By Vicki Greene, Community Reporter
Marlborough – Following a public hearing in July, plans for a residential development at 339 Boston Post Road East (the McGee property on Route 20) the City Council sent the matter to the Urban Affairs Committee for further review.
Urban Affairs Committee review
At a Dec. 22 Urban Affairs Committee meeting, councilors reviewed the revised special permit request which included a 25 percent reduction in units and parking and comments from members of the City’s Site Plan Review Committee. Members tabled the permit review after concluding they could not move forward without more information and detail on why a traffic light is not being recommended.
Committee members said they would like to hear directly from the authors of the traffic study and ideally, a representative from the Massachusetts Department of Transportation (MassDOT), who have both concluded that a traffic light on Route 20 is not warranted.
City Engineer Tom DiPersio explained that Route 20 is a state road and that any plans for a traffic light is in the hands of MassDOT. The state has already planned to widen parts of Route 20 and add a center lane, turning lanes and bike lanes.
Concerns over traffic light
DiPersio explained that there are nine warrants that are reviewed when the state decides on the need for a traffic light and that the Walcott Heritage site, though directly across from a housing complex on Village Drive, does not meet the state’s traffic volume criteria for a traffic light.
Councilor Laura Wagner, who is also on the Urban Affairs Committee, said she was really “struggling” with this permit decision.
“It’s a quality-of-life issue,” she said. “I really like the direction of the project but the only way I can see this working is with a light (on Route 20).”
She noted that she, along with other councilors, have received approximately 200 emails and/or calls from concerned constituents. An online petition in opposition to the development began in July and garnered more than 1,000 signatures.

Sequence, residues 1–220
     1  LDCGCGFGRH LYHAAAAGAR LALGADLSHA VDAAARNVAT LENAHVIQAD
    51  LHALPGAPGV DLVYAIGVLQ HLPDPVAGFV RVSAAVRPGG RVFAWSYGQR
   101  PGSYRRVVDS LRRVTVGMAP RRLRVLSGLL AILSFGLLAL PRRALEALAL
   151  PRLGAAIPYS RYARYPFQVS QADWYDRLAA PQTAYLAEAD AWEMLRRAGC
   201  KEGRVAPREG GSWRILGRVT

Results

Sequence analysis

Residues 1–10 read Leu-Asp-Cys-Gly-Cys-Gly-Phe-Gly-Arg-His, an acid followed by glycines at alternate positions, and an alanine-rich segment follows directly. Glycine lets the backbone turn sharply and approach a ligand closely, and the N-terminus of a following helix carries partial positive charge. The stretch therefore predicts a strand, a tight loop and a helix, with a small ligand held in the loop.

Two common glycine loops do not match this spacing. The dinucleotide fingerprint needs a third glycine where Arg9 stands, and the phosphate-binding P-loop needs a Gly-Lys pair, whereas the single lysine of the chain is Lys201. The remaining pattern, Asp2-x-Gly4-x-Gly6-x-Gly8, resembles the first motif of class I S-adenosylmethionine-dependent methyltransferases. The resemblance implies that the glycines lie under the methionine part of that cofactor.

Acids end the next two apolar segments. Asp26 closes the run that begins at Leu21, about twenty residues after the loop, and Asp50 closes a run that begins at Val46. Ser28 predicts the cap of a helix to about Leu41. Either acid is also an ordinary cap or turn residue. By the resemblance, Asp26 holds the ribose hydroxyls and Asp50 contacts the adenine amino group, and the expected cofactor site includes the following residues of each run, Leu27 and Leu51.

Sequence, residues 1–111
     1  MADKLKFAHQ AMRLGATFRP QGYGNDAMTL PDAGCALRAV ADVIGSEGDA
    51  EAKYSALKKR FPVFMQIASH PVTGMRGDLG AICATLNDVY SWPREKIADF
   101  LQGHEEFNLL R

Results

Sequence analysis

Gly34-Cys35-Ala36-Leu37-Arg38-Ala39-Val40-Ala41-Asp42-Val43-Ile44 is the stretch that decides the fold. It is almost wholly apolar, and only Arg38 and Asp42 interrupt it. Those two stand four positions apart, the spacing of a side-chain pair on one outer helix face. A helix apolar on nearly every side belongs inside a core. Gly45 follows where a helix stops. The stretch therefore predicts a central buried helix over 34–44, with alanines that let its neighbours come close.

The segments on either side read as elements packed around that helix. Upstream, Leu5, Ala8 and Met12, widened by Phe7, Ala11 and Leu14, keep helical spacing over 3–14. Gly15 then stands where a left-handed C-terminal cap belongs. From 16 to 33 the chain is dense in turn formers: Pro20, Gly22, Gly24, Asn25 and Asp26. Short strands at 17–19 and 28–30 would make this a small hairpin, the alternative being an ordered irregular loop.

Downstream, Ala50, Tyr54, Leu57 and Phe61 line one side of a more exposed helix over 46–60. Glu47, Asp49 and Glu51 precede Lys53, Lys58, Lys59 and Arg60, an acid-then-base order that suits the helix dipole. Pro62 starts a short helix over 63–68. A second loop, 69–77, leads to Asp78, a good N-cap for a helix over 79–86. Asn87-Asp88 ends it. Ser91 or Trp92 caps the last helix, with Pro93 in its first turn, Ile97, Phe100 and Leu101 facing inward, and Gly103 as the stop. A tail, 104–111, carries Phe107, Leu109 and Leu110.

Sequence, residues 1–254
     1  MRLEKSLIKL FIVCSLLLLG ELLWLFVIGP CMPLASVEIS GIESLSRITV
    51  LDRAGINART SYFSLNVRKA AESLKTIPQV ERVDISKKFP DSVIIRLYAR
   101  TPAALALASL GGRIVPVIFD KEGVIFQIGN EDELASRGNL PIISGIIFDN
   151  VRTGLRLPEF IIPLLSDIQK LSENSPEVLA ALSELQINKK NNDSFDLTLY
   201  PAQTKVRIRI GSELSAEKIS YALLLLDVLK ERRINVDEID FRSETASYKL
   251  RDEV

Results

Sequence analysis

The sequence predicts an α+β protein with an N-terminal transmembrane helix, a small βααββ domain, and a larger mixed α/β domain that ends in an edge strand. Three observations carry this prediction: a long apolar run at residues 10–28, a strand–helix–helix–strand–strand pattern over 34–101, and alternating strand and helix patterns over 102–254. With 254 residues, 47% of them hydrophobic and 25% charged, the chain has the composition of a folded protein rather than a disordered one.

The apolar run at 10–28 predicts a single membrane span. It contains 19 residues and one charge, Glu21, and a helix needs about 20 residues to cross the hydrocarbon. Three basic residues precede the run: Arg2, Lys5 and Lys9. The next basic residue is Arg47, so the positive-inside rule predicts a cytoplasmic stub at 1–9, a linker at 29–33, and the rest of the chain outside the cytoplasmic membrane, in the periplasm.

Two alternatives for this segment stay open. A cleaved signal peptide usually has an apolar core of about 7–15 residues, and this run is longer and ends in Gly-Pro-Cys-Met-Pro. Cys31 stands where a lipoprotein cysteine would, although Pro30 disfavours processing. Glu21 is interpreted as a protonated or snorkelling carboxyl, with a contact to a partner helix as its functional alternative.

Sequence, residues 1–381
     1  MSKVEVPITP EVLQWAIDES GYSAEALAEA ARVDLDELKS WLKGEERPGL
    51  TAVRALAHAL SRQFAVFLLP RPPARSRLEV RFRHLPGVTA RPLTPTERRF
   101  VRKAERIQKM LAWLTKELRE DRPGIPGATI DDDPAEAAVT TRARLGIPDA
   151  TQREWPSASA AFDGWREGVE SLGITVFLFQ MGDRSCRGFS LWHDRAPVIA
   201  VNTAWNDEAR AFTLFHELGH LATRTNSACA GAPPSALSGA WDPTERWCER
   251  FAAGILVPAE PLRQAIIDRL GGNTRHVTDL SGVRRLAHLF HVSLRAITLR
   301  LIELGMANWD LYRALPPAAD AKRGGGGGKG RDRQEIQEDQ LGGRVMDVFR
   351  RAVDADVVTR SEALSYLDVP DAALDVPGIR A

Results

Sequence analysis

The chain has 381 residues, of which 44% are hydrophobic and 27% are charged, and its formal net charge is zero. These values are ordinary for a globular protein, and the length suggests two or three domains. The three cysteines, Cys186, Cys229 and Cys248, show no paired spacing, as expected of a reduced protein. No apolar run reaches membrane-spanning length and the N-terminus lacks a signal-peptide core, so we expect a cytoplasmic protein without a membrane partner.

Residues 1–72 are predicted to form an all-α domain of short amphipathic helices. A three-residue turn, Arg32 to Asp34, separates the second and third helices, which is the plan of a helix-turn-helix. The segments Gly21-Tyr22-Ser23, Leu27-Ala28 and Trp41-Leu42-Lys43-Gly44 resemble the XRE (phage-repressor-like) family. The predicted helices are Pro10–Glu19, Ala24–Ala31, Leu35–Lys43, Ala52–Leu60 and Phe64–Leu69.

Past fatalities on Route 20 in the area of the proposed project were top of mind for the committee members.
“If there’s no chance for a light, it changes how I look at it (the project),” Wagner said.
There is also concern among the Urban Affairs Committee about a plan for an entrance designated for emergency vehicles only with no gate. Members felt that drivers would end up using that entrance if it weren’t blocked rather than wait on busy Route 20.
Attorney Brian Falk, representing the developers, WP Marlborough MA Owner, LLC (Wayside Residential), suggested to the Committee that they could include language in the special permit requiring a traffic impact study be done once the development is built. However, the Committee wasn’t comfortable with that recommendation.
In a memo to Committee Chairperson Councilor Kathleen Robey, the City’s Conservation/Sustainability Officer Priscilla Ryder, on behalf of the Site Plan Review Committee, said that several positive changes have been made including one less building and expansion of the landscape areas along Route 20 and that the project moves all work outside of the floodplain and reduces impacts to the Riverfront area and wetland buffer zone, which is a benefit.”
In addition, Ryder’s memo included comments on the draft special permit conditions that recommended, with regard to Route 20, the developer “shall coordinate with the city and MassDOT to ensure that development does not conflict with planned improvements to Route 20 in the vicinity of the site.”
Once the Site Review Committee makes final recommendations and the Urban Affairs Committee votes on the permit request, the issue then goes to the full City Council for discussion and a vote.